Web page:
Weapons of Mass Corruption (WMCs) Part IV: Legal Protections for Bad Behaviors
As is often the case, we somehow become our own worst enemies. While there are many unethical and immoral things happening in healthcare today, we shouldn’t tarnish the image and reputation of those who simply want to provide good healthcare. As is more often the case than not, systems comprised of good people become corrupted for structural reasons. For example, while I don’t know how any hospital CEO sleeps at night knowing they are billing lower-middle-income Americans at chargemaster rates that are many times the fair value of the services they provide, we have created a system that tells them that doing so is ok (in a later piece, I’ll explain why it is NOT legal and simply has not yet been adequately litigated). These hospital CEOs are not all greedy bastards, though there are exceptions. Instead, they rationalize their immoral actions. They convince themselves that they are being shorted elsewhere and have to make up for the lost revenue. They argue that it is “cost shifting,” albeit shifting costs to those who can least afford it. And of course, when compensation is based on profitability, we also provide them with the incentive to rationalize.
The bigger structural problem is that of our own making, or, better said, our government’s making. Start, for example, with the 1945 McCarran–Ferguson Act that exempts insurance companies from Federal antitrust laws. The law was enacted to allow states to regulate insurance companies, much like public utilities. At the time, the belief was that, “the business of insurance is neither commerce or interstate trade,” and thus the Federal Government had no business regulating it under the interstate commerce clause. Jump about to 2018 and ask yourself if that still applies.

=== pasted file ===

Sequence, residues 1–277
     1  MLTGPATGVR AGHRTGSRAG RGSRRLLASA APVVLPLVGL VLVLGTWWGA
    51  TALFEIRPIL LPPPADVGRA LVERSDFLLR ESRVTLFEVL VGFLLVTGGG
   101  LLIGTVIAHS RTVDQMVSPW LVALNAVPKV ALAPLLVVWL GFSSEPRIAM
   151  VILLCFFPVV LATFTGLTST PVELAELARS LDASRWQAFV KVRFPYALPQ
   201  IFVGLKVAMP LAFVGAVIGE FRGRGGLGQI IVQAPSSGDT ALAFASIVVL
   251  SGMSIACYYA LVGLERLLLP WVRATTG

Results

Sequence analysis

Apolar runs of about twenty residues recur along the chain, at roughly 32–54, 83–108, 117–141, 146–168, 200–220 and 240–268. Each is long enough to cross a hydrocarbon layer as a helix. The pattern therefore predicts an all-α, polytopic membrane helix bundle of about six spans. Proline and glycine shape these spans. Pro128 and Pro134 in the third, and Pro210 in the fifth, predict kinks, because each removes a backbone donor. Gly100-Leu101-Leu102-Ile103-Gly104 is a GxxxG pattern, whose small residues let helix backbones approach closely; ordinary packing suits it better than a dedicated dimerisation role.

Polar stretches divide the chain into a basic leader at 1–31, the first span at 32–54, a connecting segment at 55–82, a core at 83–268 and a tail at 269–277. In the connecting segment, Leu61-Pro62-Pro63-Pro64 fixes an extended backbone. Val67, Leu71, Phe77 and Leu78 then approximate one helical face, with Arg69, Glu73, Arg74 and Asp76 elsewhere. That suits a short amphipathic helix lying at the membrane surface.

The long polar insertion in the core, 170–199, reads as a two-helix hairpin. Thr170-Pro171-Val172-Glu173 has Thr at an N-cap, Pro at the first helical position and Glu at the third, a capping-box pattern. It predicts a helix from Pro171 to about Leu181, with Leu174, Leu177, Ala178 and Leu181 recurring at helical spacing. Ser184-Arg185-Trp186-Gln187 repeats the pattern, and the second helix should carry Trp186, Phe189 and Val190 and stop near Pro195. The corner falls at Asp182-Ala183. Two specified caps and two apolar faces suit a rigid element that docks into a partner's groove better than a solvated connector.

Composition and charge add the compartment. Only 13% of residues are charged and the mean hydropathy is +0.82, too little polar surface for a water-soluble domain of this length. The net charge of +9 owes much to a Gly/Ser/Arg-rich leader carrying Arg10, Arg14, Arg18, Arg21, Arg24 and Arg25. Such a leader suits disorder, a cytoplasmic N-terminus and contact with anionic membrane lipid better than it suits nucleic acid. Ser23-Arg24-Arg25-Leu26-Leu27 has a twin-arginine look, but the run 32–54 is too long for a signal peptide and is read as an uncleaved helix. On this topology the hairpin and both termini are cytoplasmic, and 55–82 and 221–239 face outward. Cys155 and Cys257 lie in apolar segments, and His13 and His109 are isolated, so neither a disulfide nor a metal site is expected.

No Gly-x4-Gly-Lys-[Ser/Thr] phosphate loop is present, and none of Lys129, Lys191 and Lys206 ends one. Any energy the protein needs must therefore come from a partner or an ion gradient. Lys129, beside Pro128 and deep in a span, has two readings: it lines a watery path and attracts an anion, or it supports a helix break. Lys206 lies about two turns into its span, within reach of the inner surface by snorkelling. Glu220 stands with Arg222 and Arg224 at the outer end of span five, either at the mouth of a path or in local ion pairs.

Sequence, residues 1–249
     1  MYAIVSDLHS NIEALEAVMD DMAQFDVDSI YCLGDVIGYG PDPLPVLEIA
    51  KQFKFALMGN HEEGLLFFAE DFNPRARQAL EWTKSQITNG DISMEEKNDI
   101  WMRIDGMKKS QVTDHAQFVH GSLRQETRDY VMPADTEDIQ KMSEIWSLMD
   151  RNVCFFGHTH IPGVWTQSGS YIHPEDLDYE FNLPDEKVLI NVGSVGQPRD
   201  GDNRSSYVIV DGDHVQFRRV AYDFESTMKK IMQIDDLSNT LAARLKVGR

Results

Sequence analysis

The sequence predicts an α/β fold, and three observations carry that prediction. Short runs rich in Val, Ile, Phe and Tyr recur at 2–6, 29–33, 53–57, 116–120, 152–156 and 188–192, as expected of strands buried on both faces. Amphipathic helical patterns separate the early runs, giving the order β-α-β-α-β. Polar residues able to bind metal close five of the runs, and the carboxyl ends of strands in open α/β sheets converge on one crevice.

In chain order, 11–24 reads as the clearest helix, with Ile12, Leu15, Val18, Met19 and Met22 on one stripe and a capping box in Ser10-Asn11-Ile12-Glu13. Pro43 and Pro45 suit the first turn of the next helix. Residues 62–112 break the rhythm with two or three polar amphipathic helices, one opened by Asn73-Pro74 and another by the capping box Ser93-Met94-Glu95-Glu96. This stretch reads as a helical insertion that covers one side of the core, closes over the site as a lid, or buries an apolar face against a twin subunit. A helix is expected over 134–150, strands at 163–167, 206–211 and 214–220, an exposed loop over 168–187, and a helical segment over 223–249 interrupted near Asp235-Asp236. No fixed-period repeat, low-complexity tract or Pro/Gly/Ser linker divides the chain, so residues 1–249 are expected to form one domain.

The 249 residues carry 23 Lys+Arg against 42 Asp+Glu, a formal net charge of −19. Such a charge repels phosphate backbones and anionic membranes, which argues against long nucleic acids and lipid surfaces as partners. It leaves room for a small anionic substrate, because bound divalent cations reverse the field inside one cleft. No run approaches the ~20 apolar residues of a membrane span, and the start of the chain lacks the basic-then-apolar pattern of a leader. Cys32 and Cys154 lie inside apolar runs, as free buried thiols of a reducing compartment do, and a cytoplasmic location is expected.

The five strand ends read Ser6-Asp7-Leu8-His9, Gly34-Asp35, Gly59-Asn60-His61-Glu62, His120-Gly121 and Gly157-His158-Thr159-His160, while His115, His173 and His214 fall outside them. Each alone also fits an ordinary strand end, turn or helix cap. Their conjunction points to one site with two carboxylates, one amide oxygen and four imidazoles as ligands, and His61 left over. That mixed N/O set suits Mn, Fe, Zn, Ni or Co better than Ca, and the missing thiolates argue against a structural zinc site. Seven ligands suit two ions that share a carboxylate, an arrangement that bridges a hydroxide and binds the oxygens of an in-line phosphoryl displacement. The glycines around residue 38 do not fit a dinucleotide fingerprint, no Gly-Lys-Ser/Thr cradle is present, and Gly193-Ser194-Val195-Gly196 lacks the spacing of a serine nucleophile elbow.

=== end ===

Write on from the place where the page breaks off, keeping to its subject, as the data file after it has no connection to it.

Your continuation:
Beyond the anti-trust exemption for insurers, there are the so-called “Safe Harbor” provisions granted to various healthcare group purchasing arrangements, exempting certain parties from laws against accepting kickbacks from suppliers. This is why there are so many games being played across the healthcare supply chain, including medical devices, pharmaceuticals, and basic supplies. Such exemptions were designed to assist benevolent non-profit organizations, but that was never written into the rules. So today, these protections are used as Weapons of Mass Corruption against employers and patients. This Wall Street Journal article, published yesterday, explains it much better than I can.
At the same time, it’s clear that the scream for transparency is increasing. Here is another piece from yesterday in USA Today. I believe many in the healthcare industry think they have avoided change for another year. They defeated a bill in Colorado and are well on their way to doing the same in other states. But the people haven’t been heard yet. In Colorado, we’ll be going to the ballot in November. And the chorus screaming for change is growing across the country. It also seems our new HHS Secretary is also joining in.
I hope you’ll join the fight for a healthcare system we can all trust and that works for all of us. We are collecting signatures at a fast clip, and we’re burning through money to do so. We still need over 100,000 more signatures between now and the first week of August. Please chip in and help ensure we get this done.